The office building on Water Street sat vacant except for security personnel, the cleaning crews, and those who couldn’t afford to be disturbed.
Banks of overhead lights illuminated the hallways on every other floor. Otherwise, the building remained drenched in darkness and silence. In a private office on the thirtieth floor a single desk lamp burned. The leather armchair in front of a large carved mahogany desk creaked beneath the weight of an older man.
His accented English was clear but difficult to place. The growl in his voice was unmistakable. “Withdraw your application. It is not in our interests to attract attention to ourselves.”
“I can’t do that,” a slight, pale man stated with a bravado he didn’t feel as he paced behind the desk. “We are being considered for an initial public offering by one of the senior investment banking houses in the country. To withdraw now would only attract more attention. Besides, the IPO will guarantee we will all make a fortune,” the pale man said.
“Don’t lose sight of our objective,” the large man rumbled. Again the chair groaned as he leaned forward. “Enriching ourselves along the way, well, that is a bonus, but is not the reason for our being here.”
A wiry man who sat silently throughout the late-night meeting commented. “I saw a sign today. It said ‘Ask, and it will be given to you; seek, and you will find.’ Let us hope what you find does not expose our mission.”
He continued and stood along with his companion “I will give you another quote,” the wiry man said as he turned to leave. “‘Death solves all problems. No man – no problem’. Greed satisfies no one Mr. Scripts. Don’t make us remind you of that again.”
Elizabeth Forbes felt the weight of too many long days and sleepless nights press down on her. Rolling over in bed, she lashed out at the alarm clock before it could jar her fully awake.
Days that are too long and nights that are too short. She yawned and stretched away the stiffness. The sun might not be up, but Elizabeth was.
Reaching into her closet she removed what she considered her uniform. A dark business suit like all the others next to it, conservative tending toward dowdy. Not really suited for a woman of forty but the look was expected, required even. She ran a comb through an asymmetrical hairstyle that sharpened, rather than softened, her attractive features.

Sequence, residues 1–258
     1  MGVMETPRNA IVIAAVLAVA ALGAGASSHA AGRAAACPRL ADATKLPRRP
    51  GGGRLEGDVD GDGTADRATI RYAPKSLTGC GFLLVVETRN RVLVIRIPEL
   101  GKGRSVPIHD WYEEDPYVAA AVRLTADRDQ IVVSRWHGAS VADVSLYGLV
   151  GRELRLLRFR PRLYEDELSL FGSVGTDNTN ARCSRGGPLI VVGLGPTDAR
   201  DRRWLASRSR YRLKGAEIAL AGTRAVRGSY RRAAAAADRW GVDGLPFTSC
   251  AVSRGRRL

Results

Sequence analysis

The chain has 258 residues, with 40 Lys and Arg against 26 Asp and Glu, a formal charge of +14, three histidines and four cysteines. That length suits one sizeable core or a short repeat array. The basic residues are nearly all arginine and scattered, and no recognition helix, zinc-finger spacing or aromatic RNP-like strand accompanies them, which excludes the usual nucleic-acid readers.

She was a no-nonsense investment banker right down to her Rolex watch.
What Elizabeth was careful to hide from the world was the pressure. Pressure to strive, to overcome, to advance, to perform, the pressure to succeed regardless of personal cost. She picked up her briefcase and keys, but paused and looked out the window of her apartment into the darkness beyond. She touched at her reflection. The glass was cold and she looked into herself with a hollow longing.
Elizabeth’s sigh was deep and weary. “It won’t always be this way,” she said to her empty apartment for the thousandth time. That persistent thought furrowed her forehead but retreated as she put on her executive face, the one that gave nothing away.
The sun was just stirring the city to life.
Elizabeth stopped for her morning coffee where she usually did on her way into the office at 100 Wall Street. Sammy’s was painfully bright and awash in the smell of coffee brewing.
It bustled with financial types trying to get a jump on the worldwide markets. A man stood in line behind Elizabeth and watched her. Something about the way she held her head, the way she carried herself, called out to him. Her figure attracted his attention, but her bearing riveted him.
She stepped to the counter and didn’t so much request as command, “Coffee, black, three sugars.” Reaching up, she paid and snatched her coffee off the counter. Turning, she bumped into the man, ricocheted off his arm and left the shop. Tall, well dressed, nice tie – that was all that Elizabeth registered.
The man watched her leave Sammy’s and grinned when she stopped outside. Elizabeth said something to the homeless man who stood in front of the coffee shop day and night for as long as anyone could remember. Balancing purse and coffee, she reached awkwardly into her briefcase and handed the man a bundle of new socks.
He nodded his thanks and held a neatly lettered sign that read:
“Ask, and it will be given to you; seek, and you will find.” (Mathew 7:7)
He smiled a warm smile, pointed to his sign, and winked at her.
“Too bad it isn’t that easy,” Elizabeth grumbled. The message changed every day, but seldom the man’s sincere smile or his knowing wink.